Minorca - the fury, jealousy, desire and aspiration
HOLIDAY DISASTERS:When HILARY FANNINwas a child, Minorca was a byword for sun and luxury - the reality had her dreaming of cosy Clogherhead
I NEVER WENT anywhere as a child. Well, that’s not quite true: sometimes we got the bus to the hole-in-the-wall beach and shivered underneath our cardigans until it was time to go home.
And, to be fair, once a year my mother brought me to Kerry to visit her aunt, where we would play hour after hour of beggar-my-neighbour between bouts of shivering under our cardigans on westerly-wind-scoured beaches. And my own aunt once brought me on a caravan holiday to Clogherhead, Co Louth, where we shivered with abandon under layers of cardigans and ate scrambled egg on toast between yet more bouts of beggar-my-neighbour.
It was okay though; nobody else on my road went anywhere either. And I’d actually been on an aircraft. My father was friends with a pilot, so I’d walked down the strip-lit aisle between rows of empty, expectant seats, swivelled at the rear-door exit and walked all the way back up again. But the bird was stationary, and when the tour was over we got off and went home to our immovable suburb.
Then I made a friend who lived in a big house by the sea, and whose father drove a car that smelled like a shoe shop. We were playing with her Cindy dolls when she told me that she was going to Minorca the following morning. I nearly fell off her window seat. Minorca is soooo unspoilt, she told me, whereas Majorca had gone to the dogs and was literally crumbling under hordes of tourists and – horror of horrors – was even starting to serve full English breakfasts in the harbour cafes.
Can you believe it? “Full English breakfasts in the harbour cafes!” I scoffed, twisting Cindy’s spindly leg around in her hip socket till she yelped. “Who needs it?”
Minorca, Minorca, Minorca – the name resonated. It became a harbour for fury and jealousy and desire and aspiration.
Around 30 years later I finally made it there. I was deeply tired: there had been bereavement followed by birth – the way these things often seem to happen – and sleep was a vaguely remembered country. Late, disorganised and desperate for a holiday, I packed bottles, formula, nappies and bibs into a bag the size of a principality, while my angry five-year-old took everything back out again, figuring that if we left his recently acquired baby brother at home, with a bit of luck he mightn’t be here when we got back.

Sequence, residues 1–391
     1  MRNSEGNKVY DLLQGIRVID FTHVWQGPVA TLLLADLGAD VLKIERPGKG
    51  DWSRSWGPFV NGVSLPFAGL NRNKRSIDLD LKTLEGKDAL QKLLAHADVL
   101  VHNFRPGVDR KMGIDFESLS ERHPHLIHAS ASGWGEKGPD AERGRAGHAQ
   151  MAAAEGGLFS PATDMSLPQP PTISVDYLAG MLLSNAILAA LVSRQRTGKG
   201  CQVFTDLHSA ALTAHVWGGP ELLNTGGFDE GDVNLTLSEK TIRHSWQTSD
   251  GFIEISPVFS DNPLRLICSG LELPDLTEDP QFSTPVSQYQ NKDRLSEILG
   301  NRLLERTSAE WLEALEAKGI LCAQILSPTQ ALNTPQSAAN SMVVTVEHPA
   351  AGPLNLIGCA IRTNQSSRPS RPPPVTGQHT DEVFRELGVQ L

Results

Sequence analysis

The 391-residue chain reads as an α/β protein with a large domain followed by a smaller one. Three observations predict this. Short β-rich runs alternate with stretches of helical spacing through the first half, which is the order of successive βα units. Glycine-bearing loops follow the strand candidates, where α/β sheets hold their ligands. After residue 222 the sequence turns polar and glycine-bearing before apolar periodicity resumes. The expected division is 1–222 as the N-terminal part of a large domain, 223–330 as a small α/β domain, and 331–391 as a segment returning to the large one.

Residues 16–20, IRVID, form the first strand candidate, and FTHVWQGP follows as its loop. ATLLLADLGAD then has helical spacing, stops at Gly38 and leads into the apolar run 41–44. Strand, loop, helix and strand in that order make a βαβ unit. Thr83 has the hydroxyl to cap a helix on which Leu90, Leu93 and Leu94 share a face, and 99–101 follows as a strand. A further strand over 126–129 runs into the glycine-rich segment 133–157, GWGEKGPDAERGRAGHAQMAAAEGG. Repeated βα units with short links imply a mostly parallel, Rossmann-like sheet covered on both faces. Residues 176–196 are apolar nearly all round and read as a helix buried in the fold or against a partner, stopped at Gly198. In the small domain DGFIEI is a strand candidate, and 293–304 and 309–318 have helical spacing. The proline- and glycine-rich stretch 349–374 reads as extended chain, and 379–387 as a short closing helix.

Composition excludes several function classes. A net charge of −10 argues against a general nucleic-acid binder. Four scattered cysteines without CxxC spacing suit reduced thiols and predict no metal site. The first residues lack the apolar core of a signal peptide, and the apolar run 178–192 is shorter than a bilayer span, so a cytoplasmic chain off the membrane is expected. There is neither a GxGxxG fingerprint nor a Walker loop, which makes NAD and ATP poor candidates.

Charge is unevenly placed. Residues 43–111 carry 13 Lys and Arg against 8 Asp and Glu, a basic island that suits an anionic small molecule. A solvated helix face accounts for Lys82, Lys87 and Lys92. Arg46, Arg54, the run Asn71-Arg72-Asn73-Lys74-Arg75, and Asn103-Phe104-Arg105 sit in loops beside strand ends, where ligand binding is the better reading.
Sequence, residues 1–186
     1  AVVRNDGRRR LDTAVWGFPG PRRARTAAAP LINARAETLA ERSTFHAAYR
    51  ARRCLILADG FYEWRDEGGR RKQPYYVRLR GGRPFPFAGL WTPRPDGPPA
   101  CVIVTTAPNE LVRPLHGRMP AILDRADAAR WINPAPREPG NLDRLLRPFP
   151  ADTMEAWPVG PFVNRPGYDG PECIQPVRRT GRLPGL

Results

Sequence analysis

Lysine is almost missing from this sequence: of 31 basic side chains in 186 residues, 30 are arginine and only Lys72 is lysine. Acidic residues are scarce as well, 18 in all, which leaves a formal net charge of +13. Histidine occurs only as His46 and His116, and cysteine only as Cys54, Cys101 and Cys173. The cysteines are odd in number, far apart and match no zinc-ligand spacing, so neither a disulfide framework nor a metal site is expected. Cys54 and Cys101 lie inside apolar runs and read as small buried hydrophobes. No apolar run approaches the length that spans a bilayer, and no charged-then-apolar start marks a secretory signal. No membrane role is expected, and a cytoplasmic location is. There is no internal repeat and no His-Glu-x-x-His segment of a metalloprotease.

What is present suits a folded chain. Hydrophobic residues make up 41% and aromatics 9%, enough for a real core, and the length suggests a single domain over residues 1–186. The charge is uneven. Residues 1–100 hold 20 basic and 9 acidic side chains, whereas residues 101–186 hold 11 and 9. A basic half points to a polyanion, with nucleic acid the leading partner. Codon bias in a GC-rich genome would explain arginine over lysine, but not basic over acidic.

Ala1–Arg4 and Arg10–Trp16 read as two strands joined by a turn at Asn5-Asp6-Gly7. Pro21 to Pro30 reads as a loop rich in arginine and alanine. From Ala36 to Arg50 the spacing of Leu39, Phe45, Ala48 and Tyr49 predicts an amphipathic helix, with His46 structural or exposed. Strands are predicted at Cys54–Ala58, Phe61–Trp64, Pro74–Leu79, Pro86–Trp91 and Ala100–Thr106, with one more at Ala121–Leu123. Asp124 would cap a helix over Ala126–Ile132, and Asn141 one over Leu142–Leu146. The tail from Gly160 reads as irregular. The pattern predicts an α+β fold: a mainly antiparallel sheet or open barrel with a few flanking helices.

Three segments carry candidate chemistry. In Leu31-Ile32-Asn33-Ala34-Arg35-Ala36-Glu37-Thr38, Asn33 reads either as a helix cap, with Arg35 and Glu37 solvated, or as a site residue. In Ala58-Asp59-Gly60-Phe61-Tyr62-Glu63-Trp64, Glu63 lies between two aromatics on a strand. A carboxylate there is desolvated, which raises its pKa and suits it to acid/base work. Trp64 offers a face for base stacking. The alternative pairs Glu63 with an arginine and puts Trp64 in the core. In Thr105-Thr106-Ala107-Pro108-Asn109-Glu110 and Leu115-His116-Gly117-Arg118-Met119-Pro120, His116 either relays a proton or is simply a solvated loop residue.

The flight was heaving. Somehow a chunky Kit-Kat emanating from our row hit a bald man a couple of seats ahead. I didn’t think fist-chewing little babies had that kind of aim, but the five-year-old was impressed.
That longed-for blast of heat when you step out of the plane was ominously absent. I could smell rain, but denial, as they say, is not just a river. The passport officials were wearing fleece jackets; the woman at the information desk pulled her cardigan tighter as I inquired about transport. By the time we were on the right bus, delicate rain had started to decorate the window panes.
The apartment was functional. Two rings. Thin shower. Graceless bed. Pillows like hardback books. There was a balcony with a plastic table and chairs. Looking down, we could see little duck-shaped rockers to play on, and a red plastic slide; rainbow-coloured beach balls scuttled across the choppy surface of the pool’s water. The five-year-old found his swimsuit under the 28 babygros and the dozens of nappies, and, with the violent optimism of his age, led the charge down the newly cemented stairs. I didn’t bother with sunscreen; the sky could barely stay upright with the weight of cloud.